Finding the shaded area under a function seems like a very specific problem, but it turns out to be surprisingly useful. It's a fundamental technique in math, physics, and beyond.

Suppose a car is driving at 60mph for 3 hours. How far does it travel in that time?

It's an easy question, right? Just multiply:

$60\ \frac{\text{miles}}{\cancel{\text{hour}}} \times 3\ \cancel{\text{hours}} = 180\ \text{miles}$Multiplying makes the units cancel, and we're left with miles.

This problem can be represented with a rectangle of width 3 (for the 3 hours of driving) and height 60 (for the speed of the car). The area of the rectangle is $60 \cdot 3 = 180\ \text{miles}$.

Of course, doing this doesn't seem all that helpful until you consider a harder problem...

Suppose a car is driving for 3 hours. During the first hour, it drives at 20mph. During the second hour, it drives at 40mph. During the third hour, it drives at 60mph. How far does the car travel in total?

Now our problem has three separate phases, which can be represented on a graph:

We can calculate the distance the car travels during each of the three phases:$\begin{align*} 20\ \frac{\text{miles}}{\text{hour}} \times 1\ \text{hour} &= 20\ \text{miles} \\ 40\ \frac{\text{miles}}{\text{hour}} \times 1\ \text{hour} &= 40\ \text{miles} \\ 60\ \frac{\text{miles}}{\text{hour}} \times 1\ \text{hour} &= 60\ \text{miles} \end{align*}$ All together, the car travels a total distance of $20\text{ miles} + 40\text{ miles} + 60\text{ miles} = 120\text{ miles}$.

**Notice that what we actually just calculated is the shaded area of the graph.**

It turns out that this is true in general: The area under a velocity curve equals the distance. (Even if that curve is, well, curvy.)

Let's try something harder.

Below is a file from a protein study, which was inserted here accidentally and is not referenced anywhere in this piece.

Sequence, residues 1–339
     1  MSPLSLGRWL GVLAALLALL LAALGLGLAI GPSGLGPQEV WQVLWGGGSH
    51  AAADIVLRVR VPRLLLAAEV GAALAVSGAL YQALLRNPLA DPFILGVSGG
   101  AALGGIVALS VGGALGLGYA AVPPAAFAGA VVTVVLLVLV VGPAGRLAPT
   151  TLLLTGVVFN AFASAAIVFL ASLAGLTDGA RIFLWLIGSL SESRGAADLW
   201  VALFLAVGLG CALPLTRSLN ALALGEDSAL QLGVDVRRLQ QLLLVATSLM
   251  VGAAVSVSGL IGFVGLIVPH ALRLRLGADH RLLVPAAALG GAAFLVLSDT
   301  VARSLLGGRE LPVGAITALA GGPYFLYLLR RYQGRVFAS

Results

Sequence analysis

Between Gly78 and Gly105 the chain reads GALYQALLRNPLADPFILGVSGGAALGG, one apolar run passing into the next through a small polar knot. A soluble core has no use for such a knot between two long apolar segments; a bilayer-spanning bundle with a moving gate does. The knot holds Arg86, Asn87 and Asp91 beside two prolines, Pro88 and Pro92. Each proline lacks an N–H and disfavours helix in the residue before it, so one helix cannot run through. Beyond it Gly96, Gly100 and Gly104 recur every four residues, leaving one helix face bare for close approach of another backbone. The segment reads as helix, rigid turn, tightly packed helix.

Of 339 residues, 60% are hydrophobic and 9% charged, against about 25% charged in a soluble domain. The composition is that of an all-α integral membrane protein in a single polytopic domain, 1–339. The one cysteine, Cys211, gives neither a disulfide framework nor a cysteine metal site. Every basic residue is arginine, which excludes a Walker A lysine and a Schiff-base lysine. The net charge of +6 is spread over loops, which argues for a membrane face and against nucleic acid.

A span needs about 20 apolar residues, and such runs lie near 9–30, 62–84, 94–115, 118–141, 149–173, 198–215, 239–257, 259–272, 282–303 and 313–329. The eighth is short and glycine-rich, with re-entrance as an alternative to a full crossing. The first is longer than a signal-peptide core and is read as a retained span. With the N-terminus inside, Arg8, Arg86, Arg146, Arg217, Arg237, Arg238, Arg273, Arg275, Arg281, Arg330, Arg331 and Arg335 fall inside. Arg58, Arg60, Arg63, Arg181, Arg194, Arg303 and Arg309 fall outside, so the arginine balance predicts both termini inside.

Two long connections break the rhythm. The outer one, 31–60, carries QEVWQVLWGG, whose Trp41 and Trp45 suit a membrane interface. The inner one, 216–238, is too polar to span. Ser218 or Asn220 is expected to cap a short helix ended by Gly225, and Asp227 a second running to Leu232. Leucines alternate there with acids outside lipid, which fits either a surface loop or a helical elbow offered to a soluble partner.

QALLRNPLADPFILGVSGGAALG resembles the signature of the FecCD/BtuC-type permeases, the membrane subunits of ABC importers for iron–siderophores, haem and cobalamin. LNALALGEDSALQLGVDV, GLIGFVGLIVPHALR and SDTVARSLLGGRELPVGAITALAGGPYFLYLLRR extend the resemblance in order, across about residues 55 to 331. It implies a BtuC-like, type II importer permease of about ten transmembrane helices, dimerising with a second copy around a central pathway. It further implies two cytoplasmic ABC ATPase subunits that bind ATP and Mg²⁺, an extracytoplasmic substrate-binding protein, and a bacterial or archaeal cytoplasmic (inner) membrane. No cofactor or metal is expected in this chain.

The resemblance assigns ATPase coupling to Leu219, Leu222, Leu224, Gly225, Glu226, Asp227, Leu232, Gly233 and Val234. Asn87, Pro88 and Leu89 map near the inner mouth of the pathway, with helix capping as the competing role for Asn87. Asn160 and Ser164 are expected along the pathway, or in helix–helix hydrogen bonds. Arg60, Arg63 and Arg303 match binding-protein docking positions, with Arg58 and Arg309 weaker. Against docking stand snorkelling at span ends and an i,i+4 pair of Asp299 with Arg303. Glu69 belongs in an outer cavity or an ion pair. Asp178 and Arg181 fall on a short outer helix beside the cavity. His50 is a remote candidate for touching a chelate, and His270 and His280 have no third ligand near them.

Suppose a car begins at rest, and accelerates at a rate of $20\ \frac{\text{miles}}{\text{hour}^2}$.

That means that the velocity is increasing constantly, like this:

What is the total distance travelled after 3 hours?

Well, it's the area under the curve of course!

This is a triangle, and we know that the area of a triangle is $\frac{1}{2} \times \text{Base} \times \text{Height}$. In this case, $\frac{1}{2} \times 3\text{ hours} \times 60\ \frac{\text{miles}}{\text{hour}} = 90\text{ miles}$You might convince yourself that this is reasonable because the *average* speed of the car is 30mph, and it drives for 3 hours.

If you've been following along with calculus so far, you probably have an intuition for how taking the derivative of a function takes you from position toâ†’ velocity toâ†’ acceleration.

Position

Velocity

Acceleration

In the above problems we saw that finding the *area* under a function moved us in the opposition direction, from velocity toâ†’ position. And in fact, this works for reversing the entire lineup. This is a very useful technique!

This seems a bit confusing at first. Taking the area under the functionâ€”a process which we will call "integrating"â€”somehow does the opposite of taking the derivative. But why?

One way to think about it is that the derivative was like **slope** for curves, and slope is $\frac{\Delta y}{\Delta x}$. Derivatives are like __curvy division__. The integral, on the other hand, is like rectangular area for curves, and the area is $\Delta x \times \Delta y$. Integrals are like __curvy multiplication__.

Since derivatives are like division, and integrals are like multiplication, perhaps it's not so surprising that they are opposites.